Alternate Media Made Easy with Tanja Stevns and Lars Ballieu Christensen
Empowering students, faculty and staff with disabilities, Lars and Tanja demonstrate how automated document conversion and remediation service SensusAccess can convert documents into a range of alternate formats such as Braille, e-books, digital large-print and audio. The service can also convert inaccessible documents into better accessible formats.
About the Speakers
A highly specialised technology company, SensusAccess offers a range of tools and services that support the inclusion and self-sufficiency of people with disabilities. These span self-service document conversion services, documentation remediation services, digital library services and accessibility audits and advisory services.
Lars Ballieu Christensen works in technology and design for people with disabilities. He advises government, organisations, and academic institutions on accessibility and inclusive design. He is the inventor of a range of innovative technologies that support inclusion, including the award-winning RoboBraille service.
Tanja Stevns works with education and technology to support the inclusion of people with disabilities. With more than 27 years of experience working at the Danish National Center for Blind and Partially Sighted Children and Youth, Tanja is a special education teacher and speech therapist, specialising in visual impairment and general learning disorders.
The Session Recap
- What is SensusAccess?
- Why SensusAccess?
- SensusAccess Users
- SensusAccess at a glance
What is SensusAccess?
Lars kicked off the session with an introduction to SensusAccess, the self-service alternate media for educational institutions.
SensusAccess provides a service for educators, students, staff and alumni that converts documents into alternative formats to cater to the user’s preferences and needs.
Lars described SensusAccess as first of all, an automated service that provides a tool for individuals, with or without disabilities, to upload documents and choose themselves how they would like them converted with a range of alternative formats to choose from, such as MP3, DAISY, e-books and Braille.
In addition, SensusAccess acts as a remediation tool for inaccessible documents, as well as a point of production for educators and facilitators producing learning resources for students.
SensusAccess offers four categories of file conversions:
- Audio file conversions
- Ebook conversions
- Braille conversions
- Accessible file conversions
Lars described the high-level objective of SensusAccess as a service to elevate the independence and self-sufficiency amongst people with disabilities, to promote inclusion within mainstream education environments.
He noted that on an individual level, SensusAccess aims to empower individuals from all backgrounds and abilities. They do this by providing the freedom to choose the methods to which they access and navigate their learning tools and resources.
Lars explained that SensusAccess licenses their service to institutions so that conversion services and accessibility support is available to all, including students, staff, faculty, and alumni, both on campus and off.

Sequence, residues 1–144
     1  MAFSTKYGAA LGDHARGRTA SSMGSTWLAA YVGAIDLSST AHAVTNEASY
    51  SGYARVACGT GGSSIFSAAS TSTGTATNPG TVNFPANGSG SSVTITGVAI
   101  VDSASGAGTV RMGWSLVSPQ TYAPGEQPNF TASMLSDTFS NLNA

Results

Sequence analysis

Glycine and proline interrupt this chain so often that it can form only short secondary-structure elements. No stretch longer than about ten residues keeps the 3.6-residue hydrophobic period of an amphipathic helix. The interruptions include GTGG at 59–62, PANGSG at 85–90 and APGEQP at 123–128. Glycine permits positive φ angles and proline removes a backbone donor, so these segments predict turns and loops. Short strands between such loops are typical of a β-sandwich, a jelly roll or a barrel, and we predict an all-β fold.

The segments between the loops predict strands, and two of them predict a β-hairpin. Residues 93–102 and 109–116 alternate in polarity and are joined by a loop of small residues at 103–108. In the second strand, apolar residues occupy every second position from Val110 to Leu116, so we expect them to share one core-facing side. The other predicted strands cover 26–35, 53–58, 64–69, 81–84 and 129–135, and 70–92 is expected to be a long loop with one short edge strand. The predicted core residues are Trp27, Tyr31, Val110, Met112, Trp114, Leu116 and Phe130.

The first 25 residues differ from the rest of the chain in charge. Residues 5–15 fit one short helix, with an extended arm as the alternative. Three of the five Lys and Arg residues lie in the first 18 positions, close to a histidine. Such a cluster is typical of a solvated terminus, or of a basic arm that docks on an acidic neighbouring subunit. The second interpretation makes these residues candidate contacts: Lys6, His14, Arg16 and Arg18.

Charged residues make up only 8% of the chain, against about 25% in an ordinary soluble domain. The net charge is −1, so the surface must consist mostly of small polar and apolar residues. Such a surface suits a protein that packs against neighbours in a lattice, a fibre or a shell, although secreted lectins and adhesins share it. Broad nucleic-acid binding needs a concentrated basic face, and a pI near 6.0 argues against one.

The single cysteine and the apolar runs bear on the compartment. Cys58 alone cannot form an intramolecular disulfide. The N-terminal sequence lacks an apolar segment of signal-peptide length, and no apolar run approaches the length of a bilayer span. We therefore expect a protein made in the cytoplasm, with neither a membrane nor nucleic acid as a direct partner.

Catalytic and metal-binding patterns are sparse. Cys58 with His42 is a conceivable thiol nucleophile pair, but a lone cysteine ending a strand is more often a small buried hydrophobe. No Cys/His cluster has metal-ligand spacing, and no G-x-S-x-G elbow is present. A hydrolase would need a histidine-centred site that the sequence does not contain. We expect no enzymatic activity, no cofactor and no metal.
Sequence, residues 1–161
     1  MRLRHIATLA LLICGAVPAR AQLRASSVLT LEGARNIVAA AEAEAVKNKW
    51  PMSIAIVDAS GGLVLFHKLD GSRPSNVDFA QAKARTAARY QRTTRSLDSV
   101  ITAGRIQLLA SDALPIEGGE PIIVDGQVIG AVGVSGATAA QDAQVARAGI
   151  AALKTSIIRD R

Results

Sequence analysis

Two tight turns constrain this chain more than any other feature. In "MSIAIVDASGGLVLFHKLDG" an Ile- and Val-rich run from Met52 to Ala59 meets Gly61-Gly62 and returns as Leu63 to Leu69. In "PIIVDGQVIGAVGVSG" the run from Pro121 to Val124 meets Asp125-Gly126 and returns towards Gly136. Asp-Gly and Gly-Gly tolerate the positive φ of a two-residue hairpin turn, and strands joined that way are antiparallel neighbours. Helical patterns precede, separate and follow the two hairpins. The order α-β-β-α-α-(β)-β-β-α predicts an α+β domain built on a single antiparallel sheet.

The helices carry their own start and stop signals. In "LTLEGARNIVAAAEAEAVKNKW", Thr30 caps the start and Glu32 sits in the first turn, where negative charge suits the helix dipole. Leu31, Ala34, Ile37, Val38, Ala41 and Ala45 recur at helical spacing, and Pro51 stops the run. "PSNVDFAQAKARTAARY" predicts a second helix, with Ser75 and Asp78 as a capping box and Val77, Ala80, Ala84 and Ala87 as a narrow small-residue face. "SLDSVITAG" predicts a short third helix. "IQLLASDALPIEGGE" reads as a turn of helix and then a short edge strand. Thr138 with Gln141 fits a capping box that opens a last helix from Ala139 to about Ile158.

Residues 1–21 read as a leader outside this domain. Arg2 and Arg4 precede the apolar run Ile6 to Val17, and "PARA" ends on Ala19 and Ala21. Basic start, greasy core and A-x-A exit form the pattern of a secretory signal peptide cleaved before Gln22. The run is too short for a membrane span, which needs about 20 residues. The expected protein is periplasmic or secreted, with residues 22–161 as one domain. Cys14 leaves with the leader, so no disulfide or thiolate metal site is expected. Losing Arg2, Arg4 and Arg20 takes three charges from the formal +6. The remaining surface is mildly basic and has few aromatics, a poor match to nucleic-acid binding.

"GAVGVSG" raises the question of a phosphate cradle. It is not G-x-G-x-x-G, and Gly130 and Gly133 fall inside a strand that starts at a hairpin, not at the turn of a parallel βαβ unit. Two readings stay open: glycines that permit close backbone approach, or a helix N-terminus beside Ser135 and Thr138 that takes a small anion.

Who are the SensusAccess Users?
Although SensusAccess is a service open to all, Lars described how they would consider their primary users to be individuals with disabilities. He then went on to illustrate the other profiles of their various users.
Sensus Access users:
- Users with disabilities
- At-risk students
- Mainstream students and faculty
- Learning material producers
Sensus Access at a Glance
Lars expressed that from a technical point of view, SensusAccess is a collection of well-known technologies put into one place, with a series of accessible user interfaces around it.
Prior file conversion expertise is not required. Their service consists of several automated workflows to ensure ease of access for all users.
The original interface of SensusAccess was email-based. Users forward their documents as email attachments, and in return receive the converted result. For every converted document, the user is given seven days to retrieve the file before it is automatically deleted. Lars remarked that this interface was highly efficient and remains a service today at SensusAccess.
The most commonly used interface of SensusAccess is the web-based interface. This was the service’s first implementation in higher education and was built together with Stanford University in California.
Lars also spoke on a series of IMS LTI integrations they released. These are integrations that place SensusAccess as a conversion resource within the major learning management systems, such as Moodle, Canvas, Sakai and so on.
And lastly, Lars discussed the SensusAccess API. The API is available for other parties to utilize the conversion service within their solution. Here Lars gave the example of integration of SensusAccess into the Brickfield Accessibility Toolkit for generating and remediating files into accessible formats. Check out the Brickfield website to learn more about this team-up!
- Office automation
- PDF (all types),
Audio conversion for features for the following languages:
- Arabic/English bilingual
- British and American English
- Latin American Spanish
Using an example of a 40 page image-only PDF text document, Lars closed the presentation with a step-by-step demonstration of how to navigate the SensusAccess solution for file conversion and remediation.